Integrated Thinking and Professional Services

Many organisations have adopted the principles of integrated thinking and reporting to help them navigate the changing expectations of different stakeholders. But what is integrated thinking in the context of higher education, and can it help professional services demonstrate value and make better business decisions for sustainable success?

In this blog post, Dr Colin Campbell, Director of Strategic Planning at Newcastle University, shares his views and experience.

In September last year, Advance HE published a report entitled Let’s Talk Value, which marked the culmination of a project supported by UK funding agencies on ‘Integrated Thinking and Reporting’. One of the common issues that participants sought to address was how to communicate the value their institutions created through education and research.

The focus of the project gravitated towards a review of annual reports and financial statements, which provided a natural home for explaining how resources were used to achieve organisational objectives. A significant number of universities have as a result invested time and effort in developing their annual reports into documents that might appeal to a wider audience. Many of the principles of integrated reporting have thus been adopted by universities when explaining the value created for students, for society and for providers of financial capital.

Much of this, of course, is common sense. At a time when ‘value for money’ is being hotly debated, the onus has been on universities to ensure that stakeholders have access to the information that matters to them in assessing value for money. But what the participants found as part of the Advance HE project was that the principles of integrated reporting do not start and end with a review of the annual report and financial statements. Integrated reporting also implied a significant change in the ways that organisations think and act:

Effective integrated reporting has a number of benefits, the foremost of which is that it creates integrated thinking across the organisation; through a firm focus on strategy, business model and value creation it helps to break down silos, reduce duplication and create greater cohesion and efficiency.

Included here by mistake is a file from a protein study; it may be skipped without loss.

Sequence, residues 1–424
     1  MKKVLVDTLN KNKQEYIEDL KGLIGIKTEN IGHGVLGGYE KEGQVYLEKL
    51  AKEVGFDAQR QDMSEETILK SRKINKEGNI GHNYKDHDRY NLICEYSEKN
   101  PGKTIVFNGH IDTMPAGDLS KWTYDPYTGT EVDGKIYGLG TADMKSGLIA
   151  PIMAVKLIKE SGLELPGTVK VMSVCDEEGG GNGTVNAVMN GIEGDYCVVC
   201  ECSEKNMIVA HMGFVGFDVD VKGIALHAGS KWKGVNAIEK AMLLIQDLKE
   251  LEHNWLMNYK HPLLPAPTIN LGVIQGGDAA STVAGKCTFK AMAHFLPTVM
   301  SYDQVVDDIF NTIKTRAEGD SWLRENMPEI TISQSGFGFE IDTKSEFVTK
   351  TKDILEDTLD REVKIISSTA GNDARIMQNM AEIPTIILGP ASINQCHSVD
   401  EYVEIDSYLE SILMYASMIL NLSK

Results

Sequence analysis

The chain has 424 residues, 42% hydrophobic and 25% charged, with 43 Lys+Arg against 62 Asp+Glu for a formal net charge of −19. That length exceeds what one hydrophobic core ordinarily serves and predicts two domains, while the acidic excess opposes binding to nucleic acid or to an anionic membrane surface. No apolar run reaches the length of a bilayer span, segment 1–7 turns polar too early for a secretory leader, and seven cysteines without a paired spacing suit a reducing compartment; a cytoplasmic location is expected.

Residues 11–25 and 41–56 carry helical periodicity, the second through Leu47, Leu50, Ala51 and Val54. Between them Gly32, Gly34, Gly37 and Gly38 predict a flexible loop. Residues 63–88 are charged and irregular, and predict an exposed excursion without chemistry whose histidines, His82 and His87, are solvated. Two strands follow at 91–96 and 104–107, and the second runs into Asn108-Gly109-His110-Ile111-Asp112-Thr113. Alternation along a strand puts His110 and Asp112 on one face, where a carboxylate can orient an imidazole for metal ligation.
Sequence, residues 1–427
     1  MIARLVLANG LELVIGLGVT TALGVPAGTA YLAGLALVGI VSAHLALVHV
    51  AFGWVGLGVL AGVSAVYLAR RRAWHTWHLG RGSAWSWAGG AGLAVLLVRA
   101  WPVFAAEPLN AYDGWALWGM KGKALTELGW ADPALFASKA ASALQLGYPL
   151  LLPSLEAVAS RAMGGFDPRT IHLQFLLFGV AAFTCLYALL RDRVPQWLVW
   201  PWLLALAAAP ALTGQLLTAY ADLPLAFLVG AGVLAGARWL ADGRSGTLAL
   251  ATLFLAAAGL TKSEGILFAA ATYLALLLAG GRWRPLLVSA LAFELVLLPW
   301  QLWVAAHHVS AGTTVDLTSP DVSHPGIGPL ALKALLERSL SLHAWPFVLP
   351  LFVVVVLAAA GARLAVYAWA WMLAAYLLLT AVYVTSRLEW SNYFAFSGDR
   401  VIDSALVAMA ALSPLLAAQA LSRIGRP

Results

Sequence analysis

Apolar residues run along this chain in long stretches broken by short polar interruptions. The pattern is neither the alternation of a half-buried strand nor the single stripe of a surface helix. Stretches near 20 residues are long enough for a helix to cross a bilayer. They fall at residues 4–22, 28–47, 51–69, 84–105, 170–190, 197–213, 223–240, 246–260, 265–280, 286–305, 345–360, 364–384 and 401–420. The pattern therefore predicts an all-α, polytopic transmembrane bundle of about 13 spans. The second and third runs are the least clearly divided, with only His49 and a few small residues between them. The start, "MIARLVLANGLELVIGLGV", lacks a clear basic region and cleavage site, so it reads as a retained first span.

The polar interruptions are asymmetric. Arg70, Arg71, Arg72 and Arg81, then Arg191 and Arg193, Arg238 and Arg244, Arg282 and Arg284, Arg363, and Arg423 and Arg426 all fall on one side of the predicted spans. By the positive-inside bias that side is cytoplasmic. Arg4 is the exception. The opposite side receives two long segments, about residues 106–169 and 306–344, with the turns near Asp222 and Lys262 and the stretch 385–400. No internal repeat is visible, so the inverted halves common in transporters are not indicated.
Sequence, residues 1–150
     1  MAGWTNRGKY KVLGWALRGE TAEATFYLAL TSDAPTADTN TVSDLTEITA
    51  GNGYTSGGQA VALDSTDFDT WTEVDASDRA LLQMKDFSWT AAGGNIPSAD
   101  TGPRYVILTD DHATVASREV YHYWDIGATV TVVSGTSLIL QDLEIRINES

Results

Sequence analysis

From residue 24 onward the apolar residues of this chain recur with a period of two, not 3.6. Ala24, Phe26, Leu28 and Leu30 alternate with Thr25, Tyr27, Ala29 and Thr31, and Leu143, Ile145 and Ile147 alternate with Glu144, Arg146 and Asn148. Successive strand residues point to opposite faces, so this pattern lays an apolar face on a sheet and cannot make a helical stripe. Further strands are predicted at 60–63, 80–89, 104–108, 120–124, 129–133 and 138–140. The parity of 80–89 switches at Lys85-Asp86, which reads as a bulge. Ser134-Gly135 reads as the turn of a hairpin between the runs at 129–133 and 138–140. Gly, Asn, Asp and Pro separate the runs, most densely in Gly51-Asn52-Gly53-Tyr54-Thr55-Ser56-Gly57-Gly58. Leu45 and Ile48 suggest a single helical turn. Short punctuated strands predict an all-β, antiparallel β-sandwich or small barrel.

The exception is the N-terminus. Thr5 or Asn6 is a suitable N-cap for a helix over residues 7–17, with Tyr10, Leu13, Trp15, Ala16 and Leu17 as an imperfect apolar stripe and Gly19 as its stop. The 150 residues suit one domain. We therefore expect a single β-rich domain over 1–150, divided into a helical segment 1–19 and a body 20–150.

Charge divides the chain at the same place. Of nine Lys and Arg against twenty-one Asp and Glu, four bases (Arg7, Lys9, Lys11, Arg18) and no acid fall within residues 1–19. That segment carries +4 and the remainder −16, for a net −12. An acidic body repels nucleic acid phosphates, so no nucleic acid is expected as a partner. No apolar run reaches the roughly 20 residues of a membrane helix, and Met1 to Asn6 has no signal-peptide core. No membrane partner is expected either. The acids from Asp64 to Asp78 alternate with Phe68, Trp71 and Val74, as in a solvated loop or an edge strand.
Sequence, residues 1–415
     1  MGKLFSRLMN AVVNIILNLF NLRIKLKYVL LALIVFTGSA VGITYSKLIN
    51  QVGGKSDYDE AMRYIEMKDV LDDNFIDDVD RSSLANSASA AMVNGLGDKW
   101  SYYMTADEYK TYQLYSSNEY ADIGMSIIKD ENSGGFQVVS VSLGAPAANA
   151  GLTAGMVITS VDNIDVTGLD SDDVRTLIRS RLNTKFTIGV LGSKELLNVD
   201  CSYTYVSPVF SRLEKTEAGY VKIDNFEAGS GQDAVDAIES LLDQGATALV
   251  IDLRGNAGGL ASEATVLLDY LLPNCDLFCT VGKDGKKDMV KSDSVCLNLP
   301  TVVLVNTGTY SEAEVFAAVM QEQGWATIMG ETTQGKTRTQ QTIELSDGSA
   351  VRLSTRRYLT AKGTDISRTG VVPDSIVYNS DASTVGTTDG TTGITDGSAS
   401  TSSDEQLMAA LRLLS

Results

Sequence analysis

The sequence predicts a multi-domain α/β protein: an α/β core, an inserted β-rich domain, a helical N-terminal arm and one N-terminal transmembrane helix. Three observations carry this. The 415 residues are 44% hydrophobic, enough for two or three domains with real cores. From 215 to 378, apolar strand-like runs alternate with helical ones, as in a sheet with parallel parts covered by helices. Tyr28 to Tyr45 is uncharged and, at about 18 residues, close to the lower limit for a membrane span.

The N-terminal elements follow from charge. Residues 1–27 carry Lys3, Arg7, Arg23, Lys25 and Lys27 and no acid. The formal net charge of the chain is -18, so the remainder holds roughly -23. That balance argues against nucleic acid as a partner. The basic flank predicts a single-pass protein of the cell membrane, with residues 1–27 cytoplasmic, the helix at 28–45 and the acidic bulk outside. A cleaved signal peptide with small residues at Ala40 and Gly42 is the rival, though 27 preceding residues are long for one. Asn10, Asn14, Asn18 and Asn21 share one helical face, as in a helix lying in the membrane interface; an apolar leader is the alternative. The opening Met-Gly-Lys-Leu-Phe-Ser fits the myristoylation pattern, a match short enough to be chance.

– CGMA Integrated Thinking briefing

But did a change in (financial) reporting really stimulate wider changes in organisational behaviour? And is it possible, or even desirable, for universities with their large and diverse communities to achieve greater integration across multiple and disparate views of institutional purpose?

The view amongst many of the participants in the Advance HE project was that integrated thinking was the real prize, but that it needed a deliberate and coordinated effort to connect the university’s strategy, performance reporting and governance. It was the cycle of integrated thinking and reporting that resulted in more effective and joined-up discussions on resource allocation, financial stability and sustainability.

This was most apparent when it came to the professional service areas responsible for significant university assets and resources, including the physical (e.g. estates, library and IT) and the less tangible (e.g. brand and external partnerships). The project showed that active consideration of the relationship between the various functional units, and the resources available, could lead to more integrated decision-making that considers value creation over the short, medium and long term.

In practice, this required a strategic planning process that cut across organisational silos to connect the resources available to the university (financial and non-financial) with the wider organisational purpose. At Newcastle, we’ve started to do this by developing a single overview of the resources and relationships that will help us to achieve our Vision and Strategy and used this to align our operational plans. While the primary focus has been the professional services, the approach has recently been extended to faculty plans in a way that has stimulated more joined-up conversations, decision-making and reporting.

The Advance HE project gave participants a deeper understanding of the tools and techniques that can be used to report on value creation. This in itself was hugely beneficial. But the project also opened-up the potential for much wider benefits associated with integrated thinking. It encouraged participants to review their business models in new ways and to develop a better understanding of the trade-offs between different courses of action and resource allocation. It stimulated thinking around the development of non-financial performance measures and encouraged more holistic thinking around strategic risk and stakeholder engagement.

On 18 September, Advance HE will be hosting its second Let’s Talk Value conference and expects to invite a second cohort of institutions to participate in a collaborative project on Integrated Thinking and reporting later this year. For further information, please contact Kim Ansell at